The only objection that appellant made in the trial court to Dickson's testimony was that it was "too remote." Appellant does not challenge the remoteness of the offense on this appeal, but instead claims it to be an extraneous offense. Where the objection made in the trial court is not the same as that urged on appeal, appellant has not properly preserved the complaint for review. Williams v. State, 549 S.W.2d 183, Tex.Cr.App.; Elizaldi v. State, 519 S.W.2d 881, Tex.Cr.App.
Even if the error were before us, there was no error in the admission of Dickson's testimony. Evidence of specific acts of misconduct by a witness is not generally admissible for impeachment purposes. Hoffman v. State, 514 S.W.2d 248, Tex.Cr. App.; Randolph v. State, 499 S.W.2d 311, Tex.Cr.App. There is an exception to this rule when a witness makes a blanket statement, such as never having been charged or convicted of an offense, or never having been in trouble. Hoffman v. State, supra; Montemayor v. State, 543 S.W.2d 93, 94, Tex.Cr.App.
In Hoffman v. State, supra, the defendant during cross-examination denied that he had had any complaints made against him while he was a park ranger. This Court held that the defendant had opened the door, and that it was not error to elicit evidence about complaints against him which had no relation to the charge in the case.
In Randolph v. State, supra, the defendant, while testifying in his own behalf, made a broad denial that he had ever sold anyone heroin. The State put on witnesses who testified to extraneous sales of heroin by the defendant. This Court held that while we did not necessarily approve of the State's tactics, the defendant had opened the door and it was not error to admit testimony on the other sales of heroin.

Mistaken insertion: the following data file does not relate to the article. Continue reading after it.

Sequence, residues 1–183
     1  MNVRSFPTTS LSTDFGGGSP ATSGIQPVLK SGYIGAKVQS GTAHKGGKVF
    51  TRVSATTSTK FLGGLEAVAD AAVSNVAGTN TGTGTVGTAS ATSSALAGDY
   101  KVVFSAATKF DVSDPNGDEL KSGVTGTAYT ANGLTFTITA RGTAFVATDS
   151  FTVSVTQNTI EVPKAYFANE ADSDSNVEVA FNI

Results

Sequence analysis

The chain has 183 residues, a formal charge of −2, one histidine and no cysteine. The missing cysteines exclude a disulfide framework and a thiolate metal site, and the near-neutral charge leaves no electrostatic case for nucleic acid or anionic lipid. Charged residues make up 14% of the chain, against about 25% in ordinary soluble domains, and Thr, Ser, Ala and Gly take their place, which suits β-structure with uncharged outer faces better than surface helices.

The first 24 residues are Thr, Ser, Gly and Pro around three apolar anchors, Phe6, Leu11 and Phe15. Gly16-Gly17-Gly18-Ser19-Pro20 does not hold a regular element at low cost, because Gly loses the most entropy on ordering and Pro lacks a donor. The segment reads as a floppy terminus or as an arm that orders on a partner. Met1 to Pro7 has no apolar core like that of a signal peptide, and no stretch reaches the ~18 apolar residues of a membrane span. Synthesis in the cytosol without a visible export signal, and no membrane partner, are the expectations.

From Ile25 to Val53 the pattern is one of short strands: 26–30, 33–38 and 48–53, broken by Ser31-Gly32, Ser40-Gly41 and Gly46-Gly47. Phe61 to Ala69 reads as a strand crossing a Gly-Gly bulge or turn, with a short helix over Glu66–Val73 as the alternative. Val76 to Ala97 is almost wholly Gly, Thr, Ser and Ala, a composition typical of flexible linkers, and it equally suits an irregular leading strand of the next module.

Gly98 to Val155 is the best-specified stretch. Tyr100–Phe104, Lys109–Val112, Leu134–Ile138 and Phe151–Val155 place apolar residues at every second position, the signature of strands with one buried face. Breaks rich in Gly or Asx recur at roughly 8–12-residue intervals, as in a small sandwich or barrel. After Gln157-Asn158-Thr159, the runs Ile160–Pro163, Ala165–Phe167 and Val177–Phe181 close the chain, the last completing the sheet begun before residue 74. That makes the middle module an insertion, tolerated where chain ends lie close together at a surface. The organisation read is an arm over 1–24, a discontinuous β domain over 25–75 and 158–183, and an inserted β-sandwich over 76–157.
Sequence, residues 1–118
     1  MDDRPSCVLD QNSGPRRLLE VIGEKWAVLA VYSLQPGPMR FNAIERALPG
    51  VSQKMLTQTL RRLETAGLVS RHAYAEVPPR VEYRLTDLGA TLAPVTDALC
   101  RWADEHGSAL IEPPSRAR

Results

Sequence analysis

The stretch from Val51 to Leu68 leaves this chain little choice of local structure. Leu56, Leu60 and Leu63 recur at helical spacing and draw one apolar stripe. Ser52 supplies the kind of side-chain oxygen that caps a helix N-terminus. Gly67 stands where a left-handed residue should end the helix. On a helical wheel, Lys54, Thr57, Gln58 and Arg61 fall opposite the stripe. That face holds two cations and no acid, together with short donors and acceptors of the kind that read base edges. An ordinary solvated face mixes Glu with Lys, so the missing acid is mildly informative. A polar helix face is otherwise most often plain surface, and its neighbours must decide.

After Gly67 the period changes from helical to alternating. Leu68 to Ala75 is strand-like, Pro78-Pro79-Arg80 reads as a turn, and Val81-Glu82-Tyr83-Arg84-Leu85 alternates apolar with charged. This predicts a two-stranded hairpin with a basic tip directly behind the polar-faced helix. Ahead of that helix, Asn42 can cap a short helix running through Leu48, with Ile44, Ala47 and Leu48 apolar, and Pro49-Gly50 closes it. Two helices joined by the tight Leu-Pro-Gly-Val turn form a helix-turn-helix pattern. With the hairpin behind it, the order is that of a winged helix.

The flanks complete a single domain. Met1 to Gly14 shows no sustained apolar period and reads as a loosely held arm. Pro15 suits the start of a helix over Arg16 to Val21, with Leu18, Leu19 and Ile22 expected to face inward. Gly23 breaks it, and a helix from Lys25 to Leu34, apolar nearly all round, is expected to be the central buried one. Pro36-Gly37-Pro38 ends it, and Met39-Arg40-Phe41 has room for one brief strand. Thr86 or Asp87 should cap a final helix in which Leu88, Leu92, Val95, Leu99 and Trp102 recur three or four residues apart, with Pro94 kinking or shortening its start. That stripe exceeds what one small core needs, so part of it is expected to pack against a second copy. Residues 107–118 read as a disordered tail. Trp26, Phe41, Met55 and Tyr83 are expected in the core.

In the instant case, the appellant's own counsel elicited the denial from the appellant which opened the door for the State to put on the testimony to prove the extraneous offense. No error is shown.
The appellant next complains of the following questions by the prosecutor:
We first note that the appellant made no objection to the questions when they were asked, and has thus failed to preserve the error. We further note that there is absolutely nothing in the record to substantiate the appellant's claim that the prosecutor did not get the information from Eastman or that the question was asked in bad faith. On such a silent record, bad faith is not shown.
Finally, appellant argues that if none of the errors in his brief alone constitute reversible error, "then an accumulation of the same was reversible error." Appellant thus points to various rulings of the court which we have herein found not to be reversible error. This ground of error is not in compliance with Art. 40.09, Sec. 9, V.A.C.C.P., and will not be reviewed. Love v. State, 533 S.W.2d 6, Tex.Cr.App.
Finding no reversible error, the judgment is affirmed.
Opinion approved by the Court.